Stamp: (time.Time) 2023-03-24 07:07:11.779011261 -0600 MDT m=+0.000126684,
  Value: (string) (len=1) "h"
  Stamp: (time.Time) 2023-03-24 07:07:11.779011404 -0600 MDT m=+0.000126826,
  Value: (string) (len=1) "i"
  Stamp: (time.Time) 2023-03-24 07:07:11.779011556 -0600 MDT m=+0.000126978,
  Value: (string) (len=1) "j"

In the case of FULL TEST, a through j are inserted into the ring buffer, but since the size is set to 5, a through e are overwritten and when emit is called, f through j is all that remains.

Now that we’ve got functionality validated around the buffer, the final step you’d setup is to create a Run() function that can be called in a separate Go routine. You can use the emitTime property setup in the RingBuffer struct to configure a loop using time.Sleep. Note that if you go this extra step, it becomes extra important you consider a mutex that can lock the buffer during an emit cycle!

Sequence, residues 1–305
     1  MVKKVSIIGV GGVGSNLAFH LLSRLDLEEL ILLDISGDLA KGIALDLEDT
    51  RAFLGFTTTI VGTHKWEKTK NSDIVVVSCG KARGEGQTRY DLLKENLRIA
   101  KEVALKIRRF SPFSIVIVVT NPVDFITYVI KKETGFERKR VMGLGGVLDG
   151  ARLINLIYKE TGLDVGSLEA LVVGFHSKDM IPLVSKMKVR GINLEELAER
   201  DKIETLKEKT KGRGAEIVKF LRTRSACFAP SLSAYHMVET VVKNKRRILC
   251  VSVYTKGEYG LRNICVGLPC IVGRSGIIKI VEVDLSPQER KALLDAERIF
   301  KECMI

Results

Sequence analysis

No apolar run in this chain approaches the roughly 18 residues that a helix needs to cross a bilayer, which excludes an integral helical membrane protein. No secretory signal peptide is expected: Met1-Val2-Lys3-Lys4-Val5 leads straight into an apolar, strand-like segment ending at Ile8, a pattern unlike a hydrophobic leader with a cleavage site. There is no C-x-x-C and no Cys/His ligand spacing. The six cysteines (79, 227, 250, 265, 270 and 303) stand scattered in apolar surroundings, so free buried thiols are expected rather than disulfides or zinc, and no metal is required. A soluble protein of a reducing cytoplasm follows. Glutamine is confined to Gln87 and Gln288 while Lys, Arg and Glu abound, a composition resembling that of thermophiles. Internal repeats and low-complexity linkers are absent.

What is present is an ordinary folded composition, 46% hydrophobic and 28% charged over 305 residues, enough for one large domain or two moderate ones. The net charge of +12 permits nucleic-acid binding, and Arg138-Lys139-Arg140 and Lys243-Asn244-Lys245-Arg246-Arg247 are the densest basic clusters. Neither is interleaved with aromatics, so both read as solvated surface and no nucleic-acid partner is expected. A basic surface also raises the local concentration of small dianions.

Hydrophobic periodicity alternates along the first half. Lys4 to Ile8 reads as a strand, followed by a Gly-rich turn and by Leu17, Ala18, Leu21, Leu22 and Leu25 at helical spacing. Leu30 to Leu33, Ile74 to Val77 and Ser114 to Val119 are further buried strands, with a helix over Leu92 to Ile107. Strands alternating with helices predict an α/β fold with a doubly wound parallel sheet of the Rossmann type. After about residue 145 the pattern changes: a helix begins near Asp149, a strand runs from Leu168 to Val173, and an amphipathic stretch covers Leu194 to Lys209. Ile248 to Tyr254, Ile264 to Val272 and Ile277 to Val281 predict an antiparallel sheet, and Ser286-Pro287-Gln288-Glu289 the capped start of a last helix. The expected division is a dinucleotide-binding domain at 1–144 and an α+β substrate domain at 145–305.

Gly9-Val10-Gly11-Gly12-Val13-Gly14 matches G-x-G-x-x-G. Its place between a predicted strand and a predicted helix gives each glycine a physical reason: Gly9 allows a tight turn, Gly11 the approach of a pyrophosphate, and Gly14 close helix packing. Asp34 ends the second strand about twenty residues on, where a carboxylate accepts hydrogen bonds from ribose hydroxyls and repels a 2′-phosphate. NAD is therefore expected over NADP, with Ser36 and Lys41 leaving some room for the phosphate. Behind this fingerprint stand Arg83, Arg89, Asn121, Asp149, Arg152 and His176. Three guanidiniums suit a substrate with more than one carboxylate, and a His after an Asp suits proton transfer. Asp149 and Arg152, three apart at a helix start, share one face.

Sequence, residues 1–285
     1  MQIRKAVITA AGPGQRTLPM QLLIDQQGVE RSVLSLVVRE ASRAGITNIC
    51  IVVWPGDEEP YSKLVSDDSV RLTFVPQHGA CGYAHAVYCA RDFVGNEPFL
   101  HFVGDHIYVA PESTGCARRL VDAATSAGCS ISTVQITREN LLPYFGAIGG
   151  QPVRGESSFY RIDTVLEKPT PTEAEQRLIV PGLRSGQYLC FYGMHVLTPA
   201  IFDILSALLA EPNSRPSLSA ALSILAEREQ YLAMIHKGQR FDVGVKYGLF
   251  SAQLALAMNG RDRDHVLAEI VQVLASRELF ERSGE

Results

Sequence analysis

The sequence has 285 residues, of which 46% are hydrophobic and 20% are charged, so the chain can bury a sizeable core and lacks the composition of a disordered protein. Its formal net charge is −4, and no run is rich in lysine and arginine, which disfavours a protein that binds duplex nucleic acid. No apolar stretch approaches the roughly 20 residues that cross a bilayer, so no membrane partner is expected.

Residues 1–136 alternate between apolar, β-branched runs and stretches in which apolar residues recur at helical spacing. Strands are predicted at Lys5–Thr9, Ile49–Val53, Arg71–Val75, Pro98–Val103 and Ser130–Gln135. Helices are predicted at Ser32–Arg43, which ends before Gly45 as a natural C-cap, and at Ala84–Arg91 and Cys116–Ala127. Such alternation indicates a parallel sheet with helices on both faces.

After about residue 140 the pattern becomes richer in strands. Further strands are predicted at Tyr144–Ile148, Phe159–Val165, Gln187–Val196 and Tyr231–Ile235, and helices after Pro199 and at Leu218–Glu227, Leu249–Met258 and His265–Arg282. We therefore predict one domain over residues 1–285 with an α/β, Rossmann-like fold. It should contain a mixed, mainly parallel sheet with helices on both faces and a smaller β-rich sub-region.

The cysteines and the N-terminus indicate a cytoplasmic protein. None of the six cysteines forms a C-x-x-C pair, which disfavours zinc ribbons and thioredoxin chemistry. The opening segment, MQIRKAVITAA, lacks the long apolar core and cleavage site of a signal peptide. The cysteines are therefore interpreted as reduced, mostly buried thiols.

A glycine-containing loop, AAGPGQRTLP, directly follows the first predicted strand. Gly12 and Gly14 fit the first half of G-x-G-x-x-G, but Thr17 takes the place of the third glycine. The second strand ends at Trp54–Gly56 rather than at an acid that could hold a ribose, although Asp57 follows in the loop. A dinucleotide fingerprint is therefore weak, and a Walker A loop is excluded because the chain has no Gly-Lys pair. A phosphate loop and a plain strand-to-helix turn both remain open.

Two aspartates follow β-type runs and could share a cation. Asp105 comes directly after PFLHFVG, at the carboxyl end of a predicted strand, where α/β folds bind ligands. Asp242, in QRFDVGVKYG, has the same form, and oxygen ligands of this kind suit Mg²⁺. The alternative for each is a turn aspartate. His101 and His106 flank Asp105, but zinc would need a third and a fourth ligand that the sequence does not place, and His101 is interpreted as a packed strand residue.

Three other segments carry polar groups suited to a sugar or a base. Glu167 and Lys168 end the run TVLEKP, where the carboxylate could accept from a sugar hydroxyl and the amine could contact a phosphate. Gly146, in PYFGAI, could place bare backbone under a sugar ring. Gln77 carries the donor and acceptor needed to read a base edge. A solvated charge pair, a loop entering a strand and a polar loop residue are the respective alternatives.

Wrapping up this exercise, there are a few items of note.


One of the beauties of data structures is that we can solve so many problems adding a little sugar on top of an array or map (hash table). This small implementation can solve some real-world problems and is a great tool to have in the belt. I also love some of the tricks like using modulo to ensure we end up back at index 1 if we’re trying to get the next element at the end of the array. Simply put, I find it really weirdly inspiring knowing simple solutions with known primitives are often just sitting amongst us waiting to be used 🙂. Hope you found this interesting and happy building!